# Spoligotype Database of Mycobacterium tuberculosis: Biogeographic Distribution of Shared Types and Epidemiologic and Phylogenetic Perspectives

Christophe Sola* , Ingrid Filliol*, Maria Cristina Gutierrez†, Igor Mokrousov*, Véronique Vincent†, and Nalin Rastogi*
Author affiliations: *Institut Pasteur de Guadeloupe, Pointe à Pitre, Guadeloupe; †Centre National de Référence des Mycobactéries, Institut Pasteur, Paris, France

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## Figure 1

Figure 1. . Histograms derived from database (online) summarizing the distribution of shared types (A), their respective sizes (B), and their relative distribution in different locations (C).

Main Article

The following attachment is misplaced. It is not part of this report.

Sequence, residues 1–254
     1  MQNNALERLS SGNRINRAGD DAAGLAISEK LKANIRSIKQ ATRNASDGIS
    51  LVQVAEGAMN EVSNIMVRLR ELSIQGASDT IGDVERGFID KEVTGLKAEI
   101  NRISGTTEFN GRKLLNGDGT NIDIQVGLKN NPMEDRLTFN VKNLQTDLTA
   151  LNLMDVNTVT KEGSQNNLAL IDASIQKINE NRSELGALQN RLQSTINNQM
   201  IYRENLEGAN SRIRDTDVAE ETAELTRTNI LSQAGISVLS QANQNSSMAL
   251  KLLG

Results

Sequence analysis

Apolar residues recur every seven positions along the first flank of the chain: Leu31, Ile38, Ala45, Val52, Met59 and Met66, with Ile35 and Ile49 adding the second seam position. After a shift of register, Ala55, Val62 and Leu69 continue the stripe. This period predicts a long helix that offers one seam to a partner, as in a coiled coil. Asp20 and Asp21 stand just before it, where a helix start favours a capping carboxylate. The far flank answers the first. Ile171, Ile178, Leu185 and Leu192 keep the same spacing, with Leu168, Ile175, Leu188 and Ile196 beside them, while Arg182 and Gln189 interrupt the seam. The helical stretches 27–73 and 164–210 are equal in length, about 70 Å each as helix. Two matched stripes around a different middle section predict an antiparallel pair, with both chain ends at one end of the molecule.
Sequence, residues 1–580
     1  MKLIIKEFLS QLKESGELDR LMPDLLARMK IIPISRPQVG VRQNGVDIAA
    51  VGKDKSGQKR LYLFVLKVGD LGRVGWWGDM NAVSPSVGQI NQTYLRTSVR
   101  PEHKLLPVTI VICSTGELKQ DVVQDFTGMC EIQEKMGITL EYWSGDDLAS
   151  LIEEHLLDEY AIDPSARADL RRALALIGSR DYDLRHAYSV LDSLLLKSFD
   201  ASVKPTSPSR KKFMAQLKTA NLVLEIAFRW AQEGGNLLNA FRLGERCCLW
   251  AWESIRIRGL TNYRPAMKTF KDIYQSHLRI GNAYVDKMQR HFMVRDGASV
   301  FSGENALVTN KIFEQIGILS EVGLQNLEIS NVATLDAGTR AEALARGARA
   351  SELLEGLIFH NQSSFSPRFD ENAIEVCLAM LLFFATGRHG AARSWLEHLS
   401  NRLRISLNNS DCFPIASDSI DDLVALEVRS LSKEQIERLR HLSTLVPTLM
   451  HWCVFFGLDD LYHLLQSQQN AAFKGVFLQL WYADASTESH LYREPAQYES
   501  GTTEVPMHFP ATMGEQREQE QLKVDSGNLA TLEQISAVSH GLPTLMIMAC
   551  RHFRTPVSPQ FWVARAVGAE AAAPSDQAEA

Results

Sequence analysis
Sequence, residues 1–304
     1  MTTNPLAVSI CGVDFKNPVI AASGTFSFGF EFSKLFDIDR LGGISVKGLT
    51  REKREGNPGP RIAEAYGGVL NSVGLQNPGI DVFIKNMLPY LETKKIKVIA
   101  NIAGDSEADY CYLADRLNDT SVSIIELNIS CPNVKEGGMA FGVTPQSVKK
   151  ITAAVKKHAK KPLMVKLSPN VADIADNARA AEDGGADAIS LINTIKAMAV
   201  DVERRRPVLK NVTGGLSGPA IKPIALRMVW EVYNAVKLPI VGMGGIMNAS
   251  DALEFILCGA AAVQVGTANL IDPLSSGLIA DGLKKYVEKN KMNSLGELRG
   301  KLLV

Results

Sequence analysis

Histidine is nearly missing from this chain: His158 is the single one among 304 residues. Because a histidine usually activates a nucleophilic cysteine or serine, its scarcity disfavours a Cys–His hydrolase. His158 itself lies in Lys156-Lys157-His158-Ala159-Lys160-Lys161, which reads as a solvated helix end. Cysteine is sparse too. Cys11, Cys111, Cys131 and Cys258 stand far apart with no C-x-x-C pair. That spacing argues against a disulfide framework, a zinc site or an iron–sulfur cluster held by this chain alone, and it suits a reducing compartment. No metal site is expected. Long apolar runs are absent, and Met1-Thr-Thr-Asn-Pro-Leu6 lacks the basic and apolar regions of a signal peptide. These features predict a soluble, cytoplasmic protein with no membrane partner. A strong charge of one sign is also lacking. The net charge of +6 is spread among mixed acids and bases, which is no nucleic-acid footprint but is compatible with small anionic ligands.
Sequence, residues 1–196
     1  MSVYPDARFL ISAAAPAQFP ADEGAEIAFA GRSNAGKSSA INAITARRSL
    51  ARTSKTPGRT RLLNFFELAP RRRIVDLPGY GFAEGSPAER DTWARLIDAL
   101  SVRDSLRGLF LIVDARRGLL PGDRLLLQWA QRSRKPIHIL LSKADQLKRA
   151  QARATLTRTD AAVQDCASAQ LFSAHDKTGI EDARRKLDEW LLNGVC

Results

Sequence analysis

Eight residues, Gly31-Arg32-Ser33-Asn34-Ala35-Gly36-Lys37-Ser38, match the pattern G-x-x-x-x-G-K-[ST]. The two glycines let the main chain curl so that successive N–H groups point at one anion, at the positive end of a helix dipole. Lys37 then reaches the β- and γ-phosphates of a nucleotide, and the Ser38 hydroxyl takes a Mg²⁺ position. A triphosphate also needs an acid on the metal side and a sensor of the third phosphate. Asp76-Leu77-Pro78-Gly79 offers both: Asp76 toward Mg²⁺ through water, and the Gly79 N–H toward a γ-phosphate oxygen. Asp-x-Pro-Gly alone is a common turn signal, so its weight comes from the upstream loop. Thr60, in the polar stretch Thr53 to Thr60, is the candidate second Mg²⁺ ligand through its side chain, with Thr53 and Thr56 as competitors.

1For this purpose, the independent sampling sizes for Europe and the USA were taken as n1 and n2, the number of individuals within a given shared-type "x" was k1 and k2, and in this case, the representativeness of the two samples was p1=k1/n1 and P2=k2/n2, respectively. To assess if the divergence observed between p1 and p2 was due to sampling bias or the existence of two distinct populations, the percentage of individuals (p0) harboring shared-type "x" in the population studied was estimated by the equation p0= k1+k2/n1+n2=n1p1+n2p2/n1+n2. The distribution of the percentage of shared-type "x" in the sample sizes n1 and n2 follows a normal distribution with a mean p0 and a standard deviation of and respectively, and the difference d=p1-p2 follows a normal distribution of mean p0-p0=0 and of variance σd2p12p22 = p0q0/n1+p0q0/n2 or σd2=p0q0 (1/n1+1/n2). The two samples being independent, the two variances were additive; the standard deviation σd= was calculated, and the homogeneity of the samples tested was assessed using the quotient d/σd=p1-p2/. If the absolute value of the quotient d/σd<2, the two samples were considered to belong to a same population (CI 95%) and the variation observed in the distribution of isolates for given shared types could be due to a sampling bias. Inversely, if d/σd>2, then the differences observed in the distribution of isolates for given shared types were statistically significant and not due to potential sample bias.

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